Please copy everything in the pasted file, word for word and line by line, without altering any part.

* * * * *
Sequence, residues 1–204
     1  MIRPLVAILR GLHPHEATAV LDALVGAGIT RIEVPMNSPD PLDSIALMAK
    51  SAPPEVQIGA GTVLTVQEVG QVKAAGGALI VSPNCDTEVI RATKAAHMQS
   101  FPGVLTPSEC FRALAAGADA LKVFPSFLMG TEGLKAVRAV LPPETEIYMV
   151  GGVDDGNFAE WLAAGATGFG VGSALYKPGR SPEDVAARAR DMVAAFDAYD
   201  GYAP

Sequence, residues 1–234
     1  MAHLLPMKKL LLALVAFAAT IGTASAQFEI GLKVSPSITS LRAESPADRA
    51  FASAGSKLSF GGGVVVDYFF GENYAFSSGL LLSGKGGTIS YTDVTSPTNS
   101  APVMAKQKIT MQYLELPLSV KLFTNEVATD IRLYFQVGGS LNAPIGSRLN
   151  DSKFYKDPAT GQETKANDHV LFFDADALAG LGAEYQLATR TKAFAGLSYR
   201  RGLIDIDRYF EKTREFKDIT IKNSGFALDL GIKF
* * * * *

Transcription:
Sequence, residues 1–204
     1  MIRPLVAILR GLHPHEATAV LDALVGAGIT RIEVPMNSPD PLDSIALMAK
    51  SAPPEVQIGA GTVLTVQEVG QVKAAGGALI VSPNCDTEVI RATKAAHMQS
   101  FPGVLTPSEC FRALAAGADA LKVFPSFLMG TEGLKAVRAV LPPETEIYMV
   151  GGVDDGNFAE WLAAGATGFG VGSALYKPGR SPEDVAARAR DMVAAFDAYD
   201  GYAP

Sequence, residues 1–234
     1  MAHLLPMKKL LLALVAFAAT IGTASAQFEI GLKVSPSITS LRAESPADRA
    51  FASAGSKLSF GGGVVVDYFF GENYAFSSGL LLSGKGGTIS YTDVTSPTNS
   101  APVMAKQKIT MQYLELPLSV KLFTNEVATD IRLYFQVGGS LNAPIGSRLN
   151  DSKFYKDPAT GQETKANDHV LFFDADALAG LGAEYQLATR TKAFAGLSYR
   201  RGLIDIDRYF EKTREFKDIT IKNSGFALDL GIKF